This is why Dan Savage (a gay pro-gay-rights columnist, best featured in the Savage Love article in the back of the Onion newspaper) created SpreadingSantorum and coined the Santorum phrase. Note also that this happened a LONG time before Santorum was even a gleam in the eye of a misguided presidential race.

    He got what he deserved, and now that he wants to be the president it's not going to suddenly disappear. He created his froth, he can lie in it.

  • Re:Cyberbullying (Score:4, Informative)

    by UCSCTek (806902) on Monday February 13, 2012 @11:52AM (#39019707)

    Here the namecalling is just acting as the hook to get people's attention. And it is obviously working.

    Once that's done, there is plenty of real criticism once you click through to the blog.

  • by Skreems (598317) on Monday February 13, 2012 @11:53AM (#39019725) Homepage

    Being against what some would perceive as a "right" does not makes someone against all rights.

    This is obtuse to the extreme. Prior to the "civil rights movement", plenty of people were in favor of freedom of speech, the right to vote, own property, etc. for white males, but simultaneously wanted to treat black people and women like property. By your logic, those people were "pro civil rights".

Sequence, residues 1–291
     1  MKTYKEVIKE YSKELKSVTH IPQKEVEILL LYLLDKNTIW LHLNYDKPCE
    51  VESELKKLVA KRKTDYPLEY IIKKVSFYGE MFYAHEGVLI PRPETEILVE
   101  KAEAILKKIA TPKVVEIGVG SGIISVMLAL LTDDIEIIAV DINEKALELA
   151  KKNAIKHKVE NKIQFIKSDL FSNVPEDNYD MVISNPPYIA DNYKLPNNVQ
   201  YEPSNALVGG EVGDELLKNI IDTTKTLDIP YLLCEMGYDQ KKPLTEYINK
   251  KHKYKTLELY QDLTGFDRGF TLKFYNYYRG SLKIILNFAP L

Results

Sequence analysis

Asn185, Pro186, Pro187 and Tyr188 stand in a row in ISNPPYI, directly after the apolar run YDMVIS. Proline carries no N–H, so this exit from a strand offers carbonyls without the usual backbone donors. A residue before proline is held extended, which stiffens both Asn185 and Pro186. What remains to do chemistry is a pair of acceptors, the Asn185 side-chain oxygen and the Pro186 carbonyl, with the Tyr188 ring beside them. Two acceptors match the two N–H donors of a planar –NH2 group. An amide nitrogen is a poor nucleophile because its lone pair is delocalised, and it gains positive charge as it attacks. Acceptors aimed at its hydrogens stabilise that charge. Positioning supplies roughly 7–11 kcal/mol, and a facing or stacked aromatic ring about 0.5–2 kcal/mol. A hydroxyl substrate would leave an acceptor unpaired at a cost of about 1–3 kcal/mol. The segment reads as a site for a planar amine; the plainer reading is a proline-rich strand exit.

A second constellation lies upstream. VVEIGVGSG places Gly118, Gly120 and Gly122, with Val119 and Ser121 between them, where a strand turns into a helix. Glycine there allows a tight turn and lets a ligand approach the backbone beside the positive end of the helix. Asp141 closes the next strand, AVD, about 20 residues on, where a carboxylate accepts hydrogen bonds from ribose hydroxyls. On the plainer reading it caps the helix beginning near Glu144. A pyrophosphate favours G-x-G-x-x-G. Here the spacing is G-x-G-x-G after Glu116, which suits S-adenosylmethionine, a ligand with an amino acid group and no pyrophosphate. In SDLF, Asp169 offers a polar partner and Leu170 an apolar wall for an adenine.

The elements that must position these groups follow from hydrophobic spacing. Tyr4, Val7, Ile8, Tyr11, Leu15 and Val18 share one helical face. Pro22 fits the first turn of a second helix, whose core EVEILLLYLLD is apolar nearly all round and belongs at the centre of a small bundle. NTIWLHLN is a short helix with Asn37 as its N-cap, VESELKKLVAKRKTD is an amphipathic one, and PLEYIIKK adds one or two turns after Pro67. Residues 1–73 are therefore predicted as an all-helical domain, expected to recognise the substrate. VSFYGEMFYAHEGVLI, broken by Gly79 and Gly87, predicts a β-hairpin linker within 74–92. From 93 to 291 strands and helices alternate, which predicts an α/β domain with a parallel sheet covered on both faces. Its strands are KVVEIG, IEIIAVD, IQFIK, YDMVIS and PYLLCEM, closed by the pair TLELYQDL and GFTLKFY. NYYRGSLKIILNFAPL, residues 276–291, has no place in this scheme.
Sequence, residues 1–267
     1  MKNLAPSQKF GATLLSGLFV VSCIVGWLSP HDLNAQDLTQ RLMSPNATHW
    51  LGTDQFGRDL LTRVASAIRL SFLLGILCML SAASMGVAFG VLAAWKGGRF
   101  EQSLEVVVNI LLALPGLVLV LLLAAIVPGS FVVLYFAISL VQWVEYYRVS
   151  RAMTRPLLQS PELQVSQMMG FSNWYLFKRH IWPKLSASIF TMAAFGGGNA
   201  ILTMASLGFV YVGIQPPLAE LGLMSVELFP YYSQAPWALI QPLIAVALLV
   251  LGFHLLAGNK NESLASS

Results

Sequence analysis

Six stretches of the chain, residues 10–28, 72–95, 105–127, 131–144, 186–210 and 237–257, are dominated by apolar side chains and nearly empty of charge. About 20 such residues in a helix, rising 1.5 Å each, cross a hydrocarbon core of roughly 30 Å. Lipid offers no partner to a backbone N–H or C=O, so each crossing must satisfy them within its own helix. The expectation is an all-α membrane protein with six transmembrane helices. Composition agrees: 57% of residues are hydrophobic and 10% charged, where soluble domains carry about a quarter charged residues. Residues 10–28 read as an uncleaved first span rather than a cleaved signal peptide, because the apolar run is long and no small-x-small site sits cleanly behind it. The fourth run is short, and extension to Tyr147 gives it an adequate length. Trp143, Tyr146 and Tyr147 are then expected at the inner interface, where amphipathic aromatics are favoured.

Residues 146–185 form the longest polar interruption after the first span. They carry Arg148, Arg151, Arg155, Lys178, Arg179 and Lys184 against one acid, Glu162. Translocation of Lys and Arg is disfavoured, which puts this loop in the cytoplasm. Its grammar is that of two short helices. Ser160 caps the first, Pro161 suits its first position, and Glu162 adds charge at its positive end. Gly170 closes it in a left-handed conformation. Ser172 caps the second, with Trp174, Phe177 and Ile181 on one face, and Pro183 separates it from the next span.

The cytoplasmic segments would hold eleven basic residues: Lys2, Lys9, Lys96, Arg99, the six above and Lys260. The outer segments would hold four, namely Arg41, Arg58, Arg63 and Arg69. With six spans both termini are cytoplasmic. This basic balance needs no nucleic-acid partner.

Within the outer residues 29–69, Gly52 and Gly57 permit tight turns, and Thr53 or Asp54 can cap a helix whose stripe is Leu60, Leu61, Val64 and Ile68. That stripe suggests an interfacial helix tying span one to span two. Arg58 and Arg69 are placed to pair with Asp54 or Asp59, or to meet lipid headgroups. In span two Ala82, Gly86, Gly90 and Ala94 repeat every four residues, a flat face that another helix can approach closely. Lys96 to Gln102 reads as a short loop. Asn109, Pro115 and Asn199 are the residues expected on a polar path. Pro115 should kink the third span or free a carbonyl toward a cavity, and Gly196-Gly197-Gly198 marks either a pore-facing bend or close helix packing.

The government is basically already in the state you described. You can get married in a church, but you enter a marriage contract in the eyes of a state only once you've signed a marriage license and some other forms at the courthouse. The state function is limited to the contractual side of things, but also performs brief ceremonies if you want one (2-3 minutes of a judge talking to you before you enter the contract). All the recent state battles over gay marriage have been over whether they're allowed to participate in this contract. None of them have been about forcing churches to hold gay ceremonies. The government IS already in the contract business, nothing more.

    And comparing Christianity to the Taliban is just stupid.